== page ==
THAILAND'S Prime Minister Chatchai Choonhavan struggles to rebuild his political career under the watch of a skeptical military. The beleaguered Thai leader unveiled a new six-party coalition Dec. 15, in what political observers see as a last-ditch effort to stay in power. The alliance followed Chatchai's rapid-fire resignation and reinstatement a week earlier.
In his new government, Chatchai has dropped an outspoken minister who had disagreed with the country's preeminent generals. But the premier, who has 18 months left in his term, remains shaky, analysts say.
``The military believes it is the watchdog of the politicians,'' says a Western diplomat. ``Chatchai seems to be on the wrong side of the military.''
Thailand's military is uneasy with a new breed of businessmen-politicians. Since 1932, when the country changed from an absolute monarchy to rule by Constitution, military or former military officers have been in charge - engineering 16 coups in 60 years.
Then, in 1988, Chatchai, himself a former Army officer, became Thailand's first elected prime minister in a decade. With a growing economy, the pro-business government won widespread support by raising pay for government workers and laborers and dispensing lucrative contracts.
During the economic boom, however, Chatchai's government came under fire for vote-buying and corruption. The prime minister's family-dominated Chart Thai (Thai Nation) Party profited from business deals ranging from telecommunications systems to Bangkok's planned mass transit system, his opponents said.
The real blow, analysts say, came when the Gulf crisis hit. Oil prices jumped and the economic boom collapsed. The Thai stock market, from which many members of the military had profited, plummeted as the overheated economy sputtered.
``Quite clearly, Saddam Hussein was at fault,'' writes Sukhumbhand Paribatra, a Bangkok political analyst and former Chatchai adviser, referring to the Iraqi president. For the first time, ``the Chatchai government has been forced to govern without any political buffer provided by perceived economic prosperity, and to take the necessary but highly unpopular steps to raise oil prices and curb inflationary pressures.''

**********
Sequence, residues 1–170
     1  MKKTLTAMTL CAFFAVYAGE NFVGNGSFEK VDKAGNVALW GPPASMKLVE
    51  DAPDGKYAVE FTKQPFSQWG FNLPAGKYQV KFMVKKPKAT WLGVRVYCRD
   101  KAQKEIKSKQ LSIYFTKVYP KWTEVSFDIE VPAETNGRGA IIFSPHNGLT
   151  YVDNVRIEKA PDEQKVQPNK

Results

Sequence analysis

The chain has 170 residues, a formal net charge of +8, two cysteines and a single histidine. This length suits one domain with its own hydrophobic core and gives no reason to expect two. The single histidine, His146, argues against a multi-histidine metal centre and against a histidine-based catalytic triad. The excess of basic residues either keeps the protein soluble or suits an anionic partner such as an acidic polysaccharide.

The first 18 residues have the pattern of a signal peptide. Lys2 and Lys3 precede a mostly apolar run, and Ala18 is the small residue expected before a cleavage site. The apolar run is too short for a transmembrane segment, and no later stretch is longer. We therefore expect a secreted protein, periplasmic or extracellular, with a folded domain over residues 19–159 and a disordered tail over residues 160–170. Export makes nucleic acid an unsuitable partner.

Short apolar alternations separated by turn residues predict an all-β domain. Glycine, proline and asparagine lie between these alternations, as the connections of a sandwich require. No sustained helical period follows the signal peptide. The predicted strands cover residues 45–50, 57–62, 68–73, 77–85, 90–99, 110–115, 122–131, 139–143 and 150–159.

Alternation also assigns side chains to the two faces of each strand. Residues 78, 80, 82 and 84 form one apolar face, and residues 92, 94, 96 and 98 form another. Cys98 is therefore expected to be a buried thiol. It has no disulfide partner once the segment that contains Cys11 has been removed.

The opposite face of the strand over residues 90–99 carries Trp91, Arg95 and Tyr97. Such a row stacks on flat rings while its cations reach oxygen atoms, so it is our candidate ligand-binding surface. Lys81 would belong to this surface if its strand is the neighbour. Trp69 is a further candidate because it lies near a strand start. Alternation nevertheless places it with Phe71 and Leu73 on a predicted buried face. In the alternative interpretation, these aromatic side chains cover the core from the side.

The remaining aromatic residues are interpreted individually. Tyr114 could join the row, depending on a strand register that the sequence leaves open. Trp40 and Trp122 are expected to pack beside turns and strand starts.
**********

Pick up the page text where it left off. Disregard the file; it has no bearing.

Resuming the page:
``Life is getting too expensive. Prices keep going up, up, up,'' says Thana Charoonvit, a teacher. ``We need government to do something for the people.''
In recent months, Chatchai's skirmishes with military officials erupted into a confrontation about the generals' influence over politics. Chatchai outflanked Army chief Chaovalit Yongchaiyut last summer, forcing him to retire and then bringing him into the Cabinet. Two months later, General Chaovalit quit after he came under attack from Chalerm Yoobamrung, another Cabinet minister. Now heading his own party, Chaovalit has emerged as the prime minister's main challenger.
Chalerm drew the general's wrath in a skirmish over the Army seizure of a radio truck under the minister's control. The military then launched a fusillade of criticism against what it called pervasive government corruption.
After failing to placate the military by demoting Chalerm, Chatchai finally was pressured to resign and reconstitute his government without the controversial politician. He says the new government's ``most important policy will be honesty.'' Although the military is not happy, Thai analysts and Western diplomats do not expect the Army to step in again in an outright takeover. The military does not want to risk political turmoil and the resulting disruption of the economy in which it has a hefty investment, political observers say.
For most people, however, Thailand's political machinations provide entertainment but have little impact. ``This Chatchai is running the government like a family business,'' says a merchant. ``But it would be the same no matter who's in power. Our lives go on.''